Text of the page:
Britain’s Alex Thomson said the 33 skippers who started the ninth edition of the Vendee Globe race on Sunday would feel like “gladiators” as they slid out of the channel at Les Sables-d’Olonne and on to the high seas.
The approximately 24,296 nautical miles solo non-stop round-the-world race got underway an hour late when, instead of the perfect weather conditions that had been predicted, fog descended in a matter of minutes that left officials unable to see from one end to the other of the 2km long start line.
Due to the coronavirus, the start took place without the hundreds of thousands of enthusiasts who gathered waterside four years ago to see the race off in a carnival atmosphere, with the mist and silence making for an eery spectacle on the Atlantic coast.
But Thomson, who came third in 2012 and second four years ago, was excited to finally be heading out again.
“You feel like a gladiator when you go down this channel,” he said. “I feel sorry for competitors who have never experienced this before,” said Thomson whose 18m boat Hugo Boss is one of the pre-race favourites.
The stress levels have been increased this year in the build-up to the start by the need for all of the skippers to take a late coronavirus test which could have seen them prevented from starting.
Isabelle Joschke, one of six women on the start line, said it was like “the sword of Damocles”.
Thomson said he had taken around 20 tests in total.
“When we were able to sail again after confinement, we adopted a very strict policy regarding our way of operating, not just for me but for the team too,” he said.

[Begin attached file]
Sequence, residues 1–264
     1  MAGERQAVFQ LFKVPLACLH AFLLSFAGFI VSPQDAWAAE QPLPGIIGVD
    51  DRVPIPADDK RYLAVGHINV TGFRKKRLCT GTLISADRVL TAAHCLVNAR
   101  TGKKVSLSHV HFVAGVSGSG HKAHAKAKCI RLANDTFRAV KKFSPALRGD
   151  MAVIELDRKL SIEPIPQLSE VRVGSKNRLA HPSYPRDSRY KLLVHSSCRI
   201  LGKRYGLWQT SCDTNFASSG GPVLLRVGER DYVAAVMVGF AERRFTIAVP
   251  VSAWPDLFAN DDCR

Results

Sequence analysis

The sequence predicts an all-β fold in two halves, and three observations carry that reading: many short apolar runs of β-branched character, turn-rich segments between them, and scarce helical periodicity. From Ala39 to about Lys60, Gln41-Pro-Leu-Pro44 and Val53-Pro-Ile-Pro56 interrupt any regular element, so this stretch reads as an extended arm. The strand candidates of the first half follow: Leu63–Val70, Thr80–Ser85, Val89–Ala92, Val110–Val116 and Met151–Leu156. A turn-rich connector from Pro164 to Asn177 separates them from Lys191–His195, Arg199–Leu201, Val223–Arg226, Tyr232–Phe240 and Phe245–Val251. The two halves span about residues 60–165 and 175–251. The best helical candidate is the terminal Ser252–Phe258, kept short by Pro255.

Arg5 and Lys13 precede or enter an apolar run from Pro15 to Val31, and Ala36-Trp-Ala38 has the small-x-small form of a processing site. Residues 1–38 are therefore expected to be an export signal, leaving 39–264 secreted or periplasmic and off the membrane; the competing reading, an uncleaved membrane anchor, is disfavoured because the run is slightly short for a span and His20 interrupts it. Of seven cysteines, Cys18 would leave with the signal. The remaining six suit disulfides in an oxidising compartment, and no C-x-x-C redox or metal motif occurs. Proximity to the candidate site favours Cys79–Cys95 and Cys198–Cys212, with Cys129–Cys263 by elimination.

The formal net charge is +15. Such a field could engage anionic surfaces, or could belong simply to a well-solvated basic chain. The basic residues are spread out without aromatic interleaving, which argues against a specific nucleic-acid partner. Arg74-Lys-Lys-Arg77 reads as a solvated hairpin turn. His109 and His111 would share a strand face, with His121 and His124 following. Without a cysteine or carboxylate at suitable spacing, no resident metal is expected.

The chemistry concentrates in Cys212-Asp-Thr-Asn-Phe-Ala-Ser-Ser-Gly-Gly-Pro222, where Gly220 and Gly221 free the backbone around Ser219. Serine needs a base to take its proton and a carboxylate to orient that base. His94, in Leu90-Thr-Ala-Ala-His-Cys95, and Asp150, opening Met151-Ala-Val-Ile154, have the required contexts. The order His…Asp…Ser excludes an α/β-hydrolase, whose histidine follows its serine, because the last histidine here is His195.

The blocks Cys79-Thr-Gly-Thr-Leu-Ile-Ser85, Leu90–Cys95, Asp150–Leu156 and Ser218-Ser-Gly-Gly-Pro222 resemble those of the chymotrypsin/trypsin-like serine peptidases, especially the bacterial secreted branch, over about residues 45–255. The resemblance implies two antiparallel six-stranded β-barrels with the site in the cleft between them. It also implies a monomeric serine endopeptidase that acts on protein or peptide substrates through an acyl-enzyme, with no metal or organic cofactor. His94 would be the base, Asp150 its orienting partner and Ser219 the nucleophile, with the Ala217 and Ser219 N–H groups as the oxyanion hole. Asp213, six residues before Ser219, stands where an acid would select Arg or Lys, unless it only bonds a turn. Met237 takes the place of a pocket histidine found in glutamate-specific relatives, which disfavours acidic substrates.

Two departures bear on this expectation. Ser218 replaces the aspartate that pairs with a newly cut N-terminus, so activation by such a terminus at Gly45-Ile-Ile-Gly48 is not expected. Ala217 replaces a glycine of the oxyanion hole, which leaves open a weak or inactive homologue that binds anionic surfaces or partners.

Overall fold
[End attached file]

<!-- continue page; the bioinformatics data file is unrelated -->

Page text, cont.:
Last glass of wine’
“It was hard for the members of the team and their families.”
Fortunately all 33 skippers tested negative and were given the green light on Saturday to start the race.
However, the initial forecast that promised a start in glorious conditions fell wide of the mark for the competitors in a record field.
Race meteorologist Christian Dumard had predicted “a south-easterly wind . . . with 12 to 15 knots of wind more or less south-easterly”.
He added: “The situation will get a little trickier in the evening since the first competitors will meet a depression which is off the coast of Ireland in the second part of the night.”
Even though this race will not end until late January, there was the same excitement and nerve-jangling for the skippers as at the start of any great sporting challenge.
“These are very intense moments, the heart rate is up, we have a lot of adrenaline,” said French skipper Charlie Dalin.
“The moment when you go from being surrounded by your team to all alone on board is quite special.
“When you see them jump into the water one by one, you feel that it becomes more and more what it is all about. Suddenly, it’s silence, you can’t talk to anyone anymore.
“You just hear the sound of the sails, the sound of the wind and the countdown of the stopwatch before the start.”
Britain’s Samantha Davies made the most of her last few hours on shore.
“I took advantage of routine,” said the 46-year-old.
“I had a last glass of wine, a last shower with hot water, and the last time I was in a bed that does not move!”